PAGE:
Book: How to do things with Videogames by Ian Bogost

By Ian Bogost
University of Minnesota Press | 192 pages | 2011
ISBN 978-0-8166-7647-7 | paperback
ISBN 978-0-8166-7646-0 | cloth

In recent years, computer games have moved to the center of popular culture. Ian Bogost, a leading videogames scholar of videogames and an award-winning game designer, explores the many ways computer games are used today in a series of short, inviting, and provocative essays, arguing that together they make the medium broader, richer, and more relevant to a wider audience.

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“What can you do with videogames? Play pranks, meditate on politics, achieve zen-like zone-outs, turn the act of travel back into adventure, and describe how to safely exit a plane—among other things, as Ian Bogost explains in this superb, philosophical, and wide-ranging book on the expressive qualities of games.” —Clive Thompson, columnist for “Wired” and contributing writer for the “New York Times Magazine”

“Gamers often beg for a critic with the persuasive power and range of a Lester Bangs or a Pauline Kael. With this book, Ian Bogost demonstrates his capacity to take up their mantle and explain to a larger public why games matter in modern culture. The book’s goals are simple, straight forward, and utterly, desperately needed. “How to Do Things with Videogames” may do for games what “Understanding Comics” did for comics—at once consolidate existing theoretical gains while also expanding dramatically the range of people who felt able to meaningfully engage in those discussions.” —Henry Jenkins, author of “Fans, Gamers, and Bloggers: Understanding Participatory Culture”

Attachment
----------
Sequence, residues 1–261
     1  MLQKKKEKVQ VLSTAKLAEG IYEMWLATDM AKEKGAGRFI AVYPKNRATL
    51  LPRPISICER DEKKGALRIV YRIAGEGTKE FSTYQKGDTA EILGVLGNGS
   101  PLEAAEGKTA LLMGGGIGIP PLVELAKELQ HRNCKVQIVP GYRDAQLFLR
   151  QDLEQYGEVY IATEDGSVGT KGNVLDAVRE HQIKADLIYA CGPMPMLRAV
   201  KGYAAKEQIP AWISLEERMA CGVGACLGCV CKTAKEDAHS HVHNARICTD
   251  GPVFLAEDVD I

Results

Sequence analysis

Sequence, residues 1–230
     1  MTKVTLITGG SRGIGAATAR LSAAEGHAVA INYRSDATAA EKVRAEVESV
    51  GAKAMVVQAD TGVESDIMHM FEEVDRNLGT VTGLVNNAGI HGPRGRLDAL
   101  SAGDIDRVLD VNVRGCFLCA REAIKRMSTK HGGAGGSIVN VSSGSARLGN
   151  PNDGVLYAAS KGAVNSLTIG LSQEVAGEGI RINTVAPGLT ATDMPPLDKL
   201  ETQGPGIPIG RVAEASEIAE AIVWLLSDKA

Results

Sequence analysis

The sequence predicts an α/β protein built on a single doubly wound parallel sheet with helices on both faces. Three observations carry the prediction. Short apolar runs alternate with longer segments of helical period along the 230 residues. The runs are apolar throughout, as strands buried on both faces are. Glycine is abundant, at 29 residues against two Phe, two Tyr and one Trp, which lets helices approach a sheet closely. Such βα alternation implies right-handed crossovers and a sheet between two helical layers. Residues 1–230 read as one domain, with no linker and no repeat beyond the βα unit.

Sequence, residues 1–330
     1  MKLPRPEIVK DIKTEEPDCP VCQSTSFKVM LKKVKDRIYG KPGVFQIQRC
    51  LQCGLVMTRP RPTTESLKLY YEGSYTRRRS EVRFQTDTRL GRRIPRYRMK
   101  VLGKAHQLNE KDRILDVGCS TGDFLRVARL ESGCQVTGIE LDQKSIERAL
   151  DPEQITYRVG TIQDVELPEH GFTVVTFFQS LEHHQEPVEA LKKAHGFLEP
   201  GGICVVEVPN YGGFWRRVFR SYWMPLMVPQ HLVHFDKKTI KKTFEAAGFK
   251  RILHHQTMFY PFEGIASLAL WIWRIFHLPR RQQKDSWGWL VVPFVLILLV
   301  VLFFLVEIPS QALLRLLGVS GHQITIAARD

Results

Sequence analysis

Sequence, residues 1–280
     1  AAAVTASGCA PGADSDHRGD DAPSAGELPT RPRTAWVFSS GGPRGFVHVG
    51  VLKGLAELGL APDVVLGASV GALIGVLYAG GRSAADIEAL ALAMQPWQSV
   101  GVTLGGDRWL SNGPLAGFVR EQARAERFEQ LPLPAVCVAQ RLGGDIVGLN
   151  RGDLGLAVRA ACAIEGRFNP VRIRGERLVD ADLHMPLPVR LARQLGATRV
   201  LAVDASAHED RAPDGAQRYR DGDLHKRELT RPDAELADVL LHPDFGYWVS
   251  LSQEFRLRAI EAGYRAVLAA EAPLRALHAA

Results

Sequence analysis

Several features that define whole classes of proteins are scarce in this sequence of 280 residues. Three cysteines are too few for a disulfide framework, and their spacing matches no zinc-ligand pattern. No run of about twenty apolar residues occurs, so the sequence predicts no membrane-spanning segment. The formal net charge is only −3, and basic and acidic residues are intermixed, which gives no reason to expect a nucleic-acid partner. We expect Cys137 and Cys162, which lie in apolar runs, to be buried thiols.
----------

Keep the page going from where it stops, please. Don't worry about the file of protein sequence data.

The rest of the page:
Ian Bogost is an award-winning videogame designer and media philosopher. He is professor of digital media at Georgia Institute of Technology, as well as founding partner at Persuasive Games LLC. He is author or coauthor of several books, including “Unit Operations: An Approach to Videogame Criticism,” “Persuasive Games: The Expressive Power of Videogames,” “Racing the Beam: The Atari Video Computer System,” and “Newsgames: Journalism at Play.” His videogames have been exhibited internationally and played by millions of people; they cover topics as varied as airport security, disaffected workers, the petroleum industry, suburban errands, and tort reform. His most recent game, “A Slow Year,” a collection of game poems for Atari, won the Vanguard and Virtuoso awards at the 2010 Indiecade Festival. For more information, go to

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